MLB players union won’t accept another pay cut as part of abbreviated season
Players want to play and are ready to play, but they won’t take another pay cut to play a 2020 season.
That was the message MLB Players’ Assn. executive director Tony Clark communicated in a statement Thursday after union leadership and more than 100 players held a virtual meeting to discuss their response to the league’s intention to hold a season with as few as 50 games.
“The overwhelming consensus of the board is that players are ready to report, ready to get back on the field, and they are willing to do so under unprecedented conditions that could affect the health and safety of not just themselves, but their families as well,” Clark said in the statement. “The league’s demand for additional concessions was resoundingly rejected.”
The declaration came a day after the league rejected the MLBPA’s proposal to play a 114-game regular season with pro-rated salaries and vowed not to make a counteroffer. The league says it cannot play a season with that many games unless players take significant pay cuts because of revenue losses with no spectators at games.
“In this time of unprecedented suffering at home and abroad, players want nothing more than to get back to work and provide baseball with the game we all love,” Clark said. “But we cannot do this alone.”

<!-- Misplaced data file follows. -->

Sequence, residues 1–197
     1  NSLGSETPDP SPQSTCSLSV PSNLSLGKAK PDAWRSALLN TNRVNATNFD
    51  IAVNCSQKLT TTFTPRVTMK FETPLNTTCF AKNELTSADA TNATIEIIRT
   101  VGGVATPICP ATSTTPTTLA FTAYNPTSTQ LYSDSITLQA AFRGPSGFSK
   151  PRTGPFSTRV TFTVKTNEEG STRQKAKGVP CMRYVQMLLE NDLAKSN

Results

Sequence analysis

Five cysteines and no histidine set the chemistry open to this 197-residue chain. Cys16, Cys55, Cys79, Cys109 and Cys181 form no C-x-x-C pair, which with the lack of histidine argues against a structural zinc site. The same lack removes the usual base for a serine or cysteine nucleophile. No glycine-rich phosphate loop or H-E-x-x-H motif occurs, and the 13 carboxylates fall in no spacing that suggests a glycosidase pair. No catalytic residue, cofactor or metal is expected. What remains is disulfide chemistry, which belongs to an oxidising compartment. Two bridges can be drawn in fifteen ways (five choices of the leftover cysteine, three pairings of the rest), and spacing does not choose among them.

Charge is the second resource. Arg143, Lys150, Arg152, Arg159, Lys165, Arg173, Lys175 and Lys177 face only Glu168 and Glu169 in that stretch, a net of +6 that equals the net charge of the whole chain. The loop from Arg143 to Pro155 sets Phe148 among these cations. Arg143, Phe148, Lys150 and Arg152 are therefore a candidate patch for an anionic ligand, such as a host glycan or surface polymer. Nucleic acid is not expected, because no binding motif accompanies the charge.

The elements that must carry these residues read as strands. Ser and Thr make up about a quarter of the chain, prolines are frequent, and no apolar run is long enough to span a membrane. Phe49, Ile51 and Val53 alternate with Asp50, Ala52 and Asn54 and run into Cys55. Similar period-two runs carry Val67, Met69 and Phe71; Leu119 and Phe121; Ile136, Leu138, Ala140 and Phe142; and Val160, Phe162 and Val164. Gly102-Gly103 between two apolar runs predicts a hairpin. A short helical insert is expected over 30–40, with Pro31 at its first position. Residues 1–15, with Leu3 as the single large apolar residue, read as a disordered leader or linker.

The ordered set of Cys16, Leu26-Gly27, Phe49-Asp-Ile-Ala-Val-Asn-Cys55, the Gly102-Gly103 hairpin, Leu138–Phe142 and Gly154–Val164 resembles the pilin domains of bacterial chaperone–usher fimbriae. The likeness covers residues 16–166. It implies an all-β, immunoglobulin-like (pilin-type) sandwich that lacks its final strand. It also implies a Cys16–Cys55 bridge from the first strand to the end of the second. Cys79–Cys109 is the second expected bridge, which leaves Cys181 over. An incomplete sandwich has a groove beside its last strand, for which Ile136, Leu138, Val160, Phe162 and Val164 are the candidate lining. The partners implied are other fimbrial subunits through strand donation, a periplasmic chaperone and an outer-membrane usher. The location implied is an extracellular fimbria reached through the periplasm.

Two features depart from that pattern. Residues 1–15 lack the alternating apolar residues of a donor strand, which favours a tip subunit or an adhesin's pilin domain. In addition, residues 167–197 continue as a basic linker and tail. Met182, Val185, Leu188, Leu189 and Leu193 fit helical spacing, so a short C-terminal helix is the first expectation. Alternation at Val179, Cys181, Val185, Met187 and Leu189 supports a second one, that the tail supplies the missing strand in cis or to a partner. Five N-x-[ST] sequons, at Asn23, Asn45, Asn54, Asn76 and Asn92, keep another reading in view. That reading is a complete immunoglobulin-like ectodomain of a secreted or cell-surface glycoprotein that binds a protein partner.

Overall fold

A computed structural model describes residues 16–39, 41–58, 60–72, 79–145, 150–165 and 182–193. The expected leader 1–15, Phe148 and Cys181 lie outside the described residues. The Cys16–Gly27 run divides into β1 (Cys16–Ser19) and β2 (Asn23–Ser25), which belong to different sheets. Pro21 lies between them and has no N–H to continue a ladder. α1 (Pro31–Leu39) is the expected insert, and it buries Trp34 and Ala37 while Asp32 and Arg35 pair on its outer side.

For this one bizarre summer, let’s embrace the crazy with a 50-game Major League Baseball regular season, followed by a 22-team tournament.
This chapter of friction between the two sides stems from differing interpretations of the agreement they made two weeks after the coronavirus outbreak suspended league operations March 12.
The parties agreed to players receiving prorated salaries for any games played in 2020. The owners insisted the language did not account for games played without fans, which is expected to be mandatory to launching a season. They have claimed the financial losses would not be worth playing the games. In response, the players have demanded more evidence of that assertion. A stalemate has resulted.
MLB discussed a 50-50 revenue-sharing plan but didn’t formally propose it after considerable blow back. The players saw the structure as a salary cap, which they have vowed not to allow implemented. Instead, the league formally launched the back-and-forth with an 82-game proposal featuring tiered pay cuts.
The union rejected that plan, calculating that it would cut salaries another 30% and that the owners were pitting the highest-paid players against the lowest-paid players. The MLBPA responded with the 114-game proposal, with a few concessions such as expanded playoffs in the next two seasons and salary deferrals.
That was quickly rejected. In response, the league appears willing to pay players prorated salaries but only for a drastically shortened season. The league believes the March agreement, which states that MLB must make “the best effort” to play as many games as possible, gives commissioner Rob Manfred the authority to impose a schedule with however many games he believes is optimal.
As of now, the owners insist it’s around 50 games. The players don’t agree.
“Important work remains to be done in order to safely resume the season,” Clark said. “We stand ready to complete that work and look forward to getting back on the field.”
MLB owners and players have little time to save the 2020 baseball season amid the coronavirus outbreak. Lack of trust seems to be a big factor.
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